I finally had my *follow up* appointment with the doctor. It went pretty much as I expected. She patiently (and slowly) went over the pros, cons, potential side-effects and whatever else of testosterone with me (again). I sat literally on the edge of my seat, shaking with anticipation, itching to interrupt her. I don’t know how I did it, but I sat quietly and let her finish. I tried to think of new questions to ask, but truthfully, I didn’t have any. I already knew everything she was saying (I could practically recite it verbatim myself) and I knew that this time I was going to say yes.
I felt giddy, like a kid who just reached 48″, big enough to ride the new, scary, fun, fast carnival ride. Having clicked slowly to the top, experiencing that brief pause ripe with anticipation, excitement and a hint of fear. There is no going back. My insides felt like the inside of a blender on high speed. With clammy hands and an bemused brain, I signed every piece of paper and initialed every paragraph required. It reminded me a bit of signing a mortgage and I wondered what the payment plan would be like.
Throughout the paperwork signing, there were puffs of awareness of Emily that jolted me with anxious guilt. We hadn’t actually had a discussion about this beyond her conceding that it might not be the worst thing in the world. I felt felonious and ashamed when I thought of her. But my overwhelming sensation was excitement as I watched the physician click her way through the prescription process, sending a virtual prescription to my CVS.
She turned from her computer screen, smiled at me and stood up as she said, “That’s that. You should be able to pick it up on your way home from work. Anything else?” My entire being was smiling stupidly as I shook my head and thanked her.
I was on cloud nine, tingling with sanguineness, as I floated through my day at work. Some time in the afternoon I heard the familiar *ding* from my phone that I’d gotten a text message. It was from CVS. As they don’t typically stock that prescription, I would have to wait 2-3 days for them to get it in stock. They apologized for any inconvenience. I sagged, but did not sink. I knew it had sounded too good to be true, too easy, anyway. And, to put things into perspective, this was not a life or death emergency situation. I breathed and tried to relax.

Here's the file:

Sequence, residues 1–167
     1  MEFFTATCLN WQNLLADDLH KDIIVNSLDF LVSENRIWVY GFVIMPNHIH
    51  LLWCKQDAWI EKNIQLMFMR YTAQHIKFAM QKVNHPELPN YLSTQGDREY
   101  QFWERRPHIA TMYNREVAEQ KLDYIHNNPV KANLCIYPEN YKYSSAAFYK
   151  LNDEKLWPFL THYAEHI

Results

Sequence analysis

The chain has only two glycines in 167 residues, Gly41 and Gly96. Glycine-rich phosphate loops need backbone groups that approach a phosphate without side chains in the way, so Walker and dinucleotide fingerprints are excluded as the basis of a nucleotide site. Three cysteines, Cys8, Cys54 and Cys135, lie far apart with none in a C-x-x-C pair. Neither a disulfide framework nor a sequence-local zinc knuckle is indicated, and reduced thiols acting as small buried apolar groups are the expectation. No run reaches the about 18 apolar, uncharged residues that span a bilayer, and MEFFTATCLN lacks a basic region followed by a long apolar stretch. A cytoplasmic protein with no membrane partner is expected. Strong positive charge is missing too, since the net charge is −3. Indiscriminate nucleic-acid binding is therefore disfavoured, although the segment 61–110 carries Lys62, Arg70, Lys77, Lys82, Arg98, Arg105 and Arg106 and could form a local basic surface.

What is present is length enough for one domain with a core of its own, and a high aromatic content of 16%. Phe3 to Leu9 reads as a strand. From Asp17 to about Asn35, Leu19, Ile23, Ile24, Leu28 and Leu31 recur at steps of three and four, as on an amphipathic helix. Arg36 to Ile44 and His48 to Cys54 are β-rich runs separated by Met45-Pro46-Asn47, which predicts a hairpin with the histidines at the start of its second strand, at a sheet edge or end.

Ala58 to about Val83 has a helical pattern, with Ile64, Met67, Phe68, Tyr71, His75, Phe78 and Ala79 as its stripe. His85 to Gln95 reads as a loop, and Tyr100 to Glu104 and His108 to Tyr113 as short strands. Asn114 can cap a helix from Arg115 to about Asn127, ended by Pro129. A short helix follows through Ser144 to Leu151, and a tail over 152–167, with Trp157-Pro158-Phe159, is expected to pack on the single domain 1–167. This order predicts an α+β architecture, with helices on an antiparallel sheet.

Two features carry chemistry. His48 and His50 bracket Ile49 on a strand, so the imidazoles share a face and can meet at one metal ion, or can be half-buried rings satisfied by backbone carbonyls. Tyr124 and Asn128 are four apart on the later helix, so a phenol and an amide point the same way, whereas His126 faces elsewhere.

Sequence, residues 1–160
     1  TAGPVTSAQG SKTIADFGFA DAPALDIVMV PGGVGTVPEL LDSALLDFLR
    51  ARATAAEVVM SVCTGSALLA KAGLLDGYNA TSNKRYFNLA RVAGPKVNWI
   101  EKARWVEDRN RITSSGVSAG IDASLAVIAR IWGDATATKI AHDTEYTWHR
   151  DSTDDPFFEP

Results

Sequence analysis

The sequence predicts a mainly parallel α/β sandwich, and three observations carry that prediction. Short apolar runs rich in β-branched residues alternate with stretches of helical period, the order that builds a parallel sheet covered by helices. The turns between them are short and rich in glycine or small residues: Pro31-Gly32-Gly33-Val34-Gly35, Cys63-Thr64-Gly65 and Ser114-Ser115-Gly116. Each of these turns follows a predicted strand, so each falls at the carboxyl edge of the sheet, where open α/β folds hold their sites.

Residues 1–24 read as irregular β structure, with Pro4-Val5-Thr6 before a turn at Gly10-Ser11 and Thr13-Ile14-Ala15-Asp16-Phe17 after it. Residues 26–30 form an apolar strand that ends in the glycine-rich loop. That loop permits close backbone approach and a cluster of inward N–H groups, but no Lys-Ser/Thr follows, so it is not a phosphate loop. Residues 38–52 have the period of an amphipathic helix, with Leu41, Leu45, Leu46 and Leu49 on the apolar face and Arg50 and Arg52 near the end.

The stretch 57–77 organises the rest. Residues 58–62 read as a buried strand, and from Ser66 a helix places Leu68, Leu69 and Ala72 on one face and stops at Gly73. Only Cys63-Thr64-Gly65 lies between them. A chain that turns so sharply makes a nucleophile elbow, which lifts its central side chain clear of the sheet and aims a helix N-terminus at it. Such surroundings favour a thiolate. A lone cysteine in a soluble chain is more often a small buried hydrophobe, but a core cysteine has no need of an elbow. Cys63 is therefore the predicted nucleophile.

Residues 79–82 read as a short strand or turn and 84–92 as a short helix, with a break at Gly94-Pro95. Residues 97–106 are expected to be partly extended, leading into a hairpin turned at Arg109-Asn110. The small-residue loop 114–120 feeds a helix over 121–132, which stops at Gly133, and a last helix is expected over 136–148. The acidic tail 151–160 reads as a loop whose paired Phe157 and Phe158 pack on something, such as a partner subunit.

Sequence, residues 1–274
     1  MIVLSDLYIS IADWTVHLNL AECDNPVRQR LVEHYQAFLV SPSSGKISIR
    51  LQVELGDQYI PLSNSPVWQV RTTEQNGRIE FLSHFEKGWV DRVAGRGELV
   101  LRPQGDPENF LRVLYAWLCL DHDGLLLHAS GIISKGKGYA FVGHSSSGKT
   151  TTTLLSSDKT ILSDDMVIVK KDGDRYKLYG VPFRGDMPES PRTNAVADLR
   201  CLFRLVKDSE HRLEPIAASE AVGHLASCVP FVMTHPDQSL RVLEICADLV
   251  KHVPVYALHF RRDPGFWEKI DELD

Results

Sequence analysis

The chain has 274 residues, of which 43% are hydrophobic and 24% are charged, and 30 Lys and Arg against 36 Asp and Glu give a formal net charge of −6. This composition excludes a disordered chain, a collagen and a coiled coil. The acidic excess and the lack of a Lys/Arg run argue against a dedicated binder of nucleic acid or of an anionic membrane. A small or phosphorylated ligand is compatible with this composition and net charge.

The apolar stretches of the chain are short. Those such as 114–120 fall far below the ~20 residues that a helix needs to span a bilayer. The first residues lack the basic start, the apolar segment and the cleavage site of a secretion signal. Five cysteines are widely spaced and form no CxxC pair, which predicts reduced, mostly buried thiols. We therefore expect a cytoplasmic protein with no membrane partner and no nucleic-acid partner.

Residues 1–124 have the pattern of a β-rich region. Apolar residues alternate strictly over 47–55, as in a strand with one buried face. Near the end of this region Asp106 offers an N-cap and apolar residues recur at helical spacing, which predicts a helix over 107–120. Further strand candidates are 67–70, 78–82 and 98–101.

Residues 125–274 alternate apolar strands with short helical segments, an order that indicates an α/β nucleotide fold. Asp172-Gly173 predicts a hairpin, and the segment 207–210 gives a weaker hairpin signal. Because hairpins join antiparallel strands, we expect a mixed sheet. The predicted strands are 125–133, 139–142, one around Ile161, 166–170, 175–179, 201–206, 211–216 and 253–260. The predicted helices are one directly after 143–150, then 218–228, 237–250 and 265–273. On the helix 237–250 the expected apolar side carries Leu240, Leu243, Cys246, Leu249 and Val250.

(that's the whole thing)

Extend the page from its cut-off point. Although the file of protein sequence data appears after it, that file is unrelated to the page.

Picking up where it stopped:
When 3 days and then 4 and 5 had gone by, I called CVS to ask what was going on. Apparently, they had gotten the testosterone gel in stock, but insurance was denying coverage. CVS was looking into why and would update me when they had more information.
Another few days of obsessively checking my *MYCVS* app. I called again. It had been over a week. This time I was told that my insurance was requiring an authorization (actually a pre-authorization) from my doctor before approving this *controlled substance*. CVS hadn’t contacted me, because they were working on getting that pre-authorization from my doctor. The pharmacist I spoke with suggested I also contact my doctor with the hopes of speeding up the process.
Back and forth between Fenway, CVS and insurance I went. Days passed and my patience was waning. Fenway sent the authorization. Insurance said it was the wrong authorization, explaining that there was a specific form they required. Insurance faxed that specific form to Fenway. Fenway said they filled it out and faxed it back. In the meantime, I still didn’t have my testosterone.
Another week went by. I was a bear. My patience was non-existent and my temper was fraying and escaping my control intermittently on innocent bystanders throughout my days. I tried not to be a pest (something I am very sensitive to – God forbid I burden others with my insignificant desires), and even though I wanted to pepper CVS, my insurance and my doctor repeatedly with phone calls and emails, I didn’t. I had only confided in one person (and that person wasn’t Emily), which left me feeling guilty, wrong and alone in my despair. Perhaps the process was so difficult because the Universe was not-so-subtly telling me this was not a good idea?
When I’d nearly given up hope of getting anything resolved, I heard from one of the parties involved (I forget which one) that the pre-authorization form had been filled out and signed and faxed and received. I was buoyed by hope, confident that things were starting to move.
But another few days passed with no new information. After quite a bit of mental misery I forced myself to call again. Apparently, there was still a glitch, one more small required hoop to jump through. My insurance was requesting more recent blood work before they will sign off. The Fenway blood lab opens at 8:00AM. I will be there tomorrow at 7:59.